Personnel who are closely involved in employee wellness programs, such as CFO’s, Wellness Directors, Risk Management Directors, Occupational Health Nurses, Employers and Business owners, and Human Resources Specialists and Managers will benefit from this course in a big way.

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About the speaker:

Dr. Susan Strauss conducts harassment and bullying investigations and functions as an expert witness in harassment and bullying lawsuits. The popularity of these exercises can be gauged from the vast spectrum of sectors that her clients hail from: business, education, healthcare, law, and government organizations from both the public and private sector.

She has conducted research, written over 30 books, book chapters, and journal articles on harassment, bullying, and related topics. She appears on television and radio programs and is frequently interviewed for newspaper and journal articles.

 

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Human Resources Training, Workplace Wellness Program

Why is Workplace Wellness Program Important?

 

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Employers are getting it – sort of. Most believe in the concept of keeping their employees healthy because it just makes sense. Not only does paying attention to this make a difference in the lives of the people who are the most valuable asset to a company, but there are also many benefits to the bottom line – lowered health claims, improved energy and morale, lowered sickness, and improved productivity.

A successful, results-based corporate wellness plan offers various programs with the underlying objective of true behaviour change. To have the biggest impact, a comprehensive approach should include focusing on the individual and implementing group and awareness programs suitable to target the widest range of the population. Individual-based programs may include one-on-one health coaching. Here, the certified health coach works with individuals in achieving personal or family wellness goals. This individual component of the wellness plan ensures accountability, follow up and evaluation which contribute to healthy, long lasting behavioural change. Awareness and group programs need to ensure effective communication strategies that include repetition, small bite-sized information sharing, and ways to ensure the unmotivated are also hearing the same message!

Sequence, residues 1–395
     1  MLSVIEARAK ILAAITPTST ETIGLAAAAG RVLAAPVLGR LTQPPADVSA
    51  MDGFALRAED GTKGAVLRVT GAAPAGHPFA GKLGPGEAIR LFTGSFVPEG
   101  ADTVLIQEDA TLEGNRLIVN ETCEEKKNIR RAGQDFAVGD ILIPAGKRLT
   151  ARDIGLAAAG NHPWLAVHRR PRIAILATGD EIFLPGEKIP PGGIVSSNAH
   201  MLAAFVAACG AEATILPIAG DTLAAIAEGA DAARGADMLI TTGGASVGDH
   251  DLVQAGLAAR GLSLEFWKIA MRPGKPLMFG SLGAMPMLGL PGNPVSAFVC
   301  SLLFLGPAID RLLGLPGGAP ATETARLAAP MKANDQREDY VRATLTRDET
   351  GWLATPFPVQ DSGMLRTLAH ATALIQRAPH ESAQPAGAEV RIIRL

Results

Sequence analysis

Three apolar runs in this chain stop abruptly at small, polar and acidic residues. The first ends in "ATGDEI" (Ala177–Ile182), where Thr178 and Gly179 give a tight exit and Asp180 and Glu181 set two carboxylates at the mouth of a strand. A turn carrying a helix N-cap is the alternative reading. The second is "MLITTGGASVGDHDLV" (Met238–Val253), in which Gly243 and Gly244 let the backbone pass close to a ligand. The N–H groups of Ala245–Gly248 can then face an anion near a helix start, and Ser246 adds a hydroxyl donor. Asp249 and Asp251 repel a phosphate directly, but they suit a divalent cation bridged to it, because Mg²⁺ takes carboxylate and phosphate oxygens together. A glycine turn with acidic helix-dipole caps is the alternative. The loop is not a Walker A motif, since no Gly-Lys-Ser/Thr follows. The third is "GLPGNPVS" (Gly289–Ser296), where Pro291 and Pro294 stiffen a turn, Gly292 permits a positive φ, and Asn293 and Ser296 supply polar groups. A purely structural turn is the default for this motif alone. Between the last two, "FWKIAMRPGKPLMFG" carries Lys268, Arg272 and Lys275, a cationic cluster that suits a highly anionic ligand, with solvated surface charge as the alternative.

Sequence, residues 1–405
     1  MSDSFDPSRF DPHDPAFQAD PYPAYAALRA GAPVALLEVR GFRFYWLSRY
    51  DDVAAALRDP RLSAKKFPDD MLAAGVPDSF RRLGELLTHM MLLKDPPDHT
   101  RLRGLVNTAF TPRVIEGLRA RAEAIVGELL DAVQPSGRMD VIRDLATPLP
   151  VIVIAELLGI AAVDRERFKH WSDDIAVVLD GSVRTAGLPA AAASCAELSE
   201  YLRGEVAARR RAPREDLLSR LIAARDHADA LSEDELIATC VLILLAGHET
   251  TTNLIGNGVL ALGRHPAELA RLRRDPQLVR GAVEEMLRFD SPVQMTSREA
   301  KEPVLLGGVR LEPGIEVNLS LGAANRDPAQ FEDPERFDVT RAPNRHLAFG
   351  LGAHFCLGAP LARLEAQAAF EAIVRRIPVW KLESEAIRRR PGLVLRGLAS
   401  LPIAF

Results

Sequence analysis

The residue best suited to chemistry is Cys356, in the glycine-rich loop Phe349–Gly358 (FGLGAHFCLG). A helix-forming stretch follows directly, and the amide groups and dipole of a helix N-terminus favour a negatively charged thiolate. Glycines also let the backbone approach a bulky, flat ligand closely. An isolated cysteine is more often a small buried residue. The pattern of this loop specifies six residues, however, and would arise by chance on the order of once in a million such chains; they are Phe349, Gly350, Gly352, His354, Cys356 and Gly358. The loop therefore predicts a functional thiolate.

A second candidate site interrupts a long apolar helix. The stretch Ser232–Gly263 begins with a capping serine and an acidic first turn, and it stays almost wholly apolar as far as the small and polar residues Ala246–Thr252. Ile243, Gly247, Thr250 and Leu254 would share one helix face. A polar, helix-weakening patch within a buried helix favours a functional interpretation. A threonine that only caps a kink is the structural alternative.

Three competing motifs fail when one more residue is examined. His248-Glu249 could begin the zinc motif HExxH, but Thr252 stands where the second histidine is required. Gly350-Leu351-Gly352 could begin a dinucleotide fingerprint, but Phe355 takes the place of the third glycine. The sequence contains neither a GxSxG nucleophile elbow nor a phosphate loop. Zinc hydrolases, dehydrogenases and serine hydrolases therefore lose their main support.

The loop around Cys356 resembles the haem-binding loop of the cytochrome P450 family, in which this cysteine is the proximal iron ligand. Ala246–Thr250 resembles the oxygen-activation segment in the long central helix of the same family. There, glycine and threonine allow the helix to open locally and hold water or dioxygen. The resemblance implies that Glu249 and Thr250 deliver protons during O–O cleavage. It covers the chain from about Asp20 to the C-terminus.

The best way to achieve success with a wellness program is working any chosen initiatives into an overall plan within the organization. The strategic plan may consist of completing a Health Risk Assessment [HRA], establishing a wellness committee, outlining objectives, implementing initiatives and evaluating effort. The results of an HRA outline demographics, employee interests and an overall health risk profile. Strategically aligning the program design to address the results of the HRA, offering programs to support employee interests, and ensuring employee and management objectives are met, all contribute to a healthy return on investment.

Paving the way to motivate the unmotivated isn’t rocket science, but it does take a strategic approach. To achieve optimal engagement with wellness, we need a strategy that is inclusive, encouraging and staged within a healthy environment. This recipe provides the best bet for achievement of a more engaged workforce. Programming needs to be offered to the people who need a wellness program the most – the unmotivated, uninterested and unhealthy. These people respond positively to fresh ideas that are relevant to their needs and their ability to act.

A comprehensive wellness program that is engaging and consistently presents opportunities to increase awareness and move towards health is what works. There is no such thing as a quick-fix approach. The key to program and engagement success is the ability to work with individual employees to ultimately help them modify their behaviours. For some it might be a minor habit adjustment, for others it could be a drastic lifestyle change. This model ensures that a wellness program, tailored for each specific company, will achieve maximum benefits.

The employee wellness industry is growing because it’s easy to see a return on better health. The more programs offered to encourage lasting behaviour change, the healthier the return will be. Healthy employees cost less Period.

How to improve employee wellness programs :

 

  • Effectively Communicate Wellness Initiatives
  • Garnering leadership support for an Effective Wellness Program
  • Motivating the unmotivated for Wellness Program success
  • Optimizing Engagement with Wellness Initiatives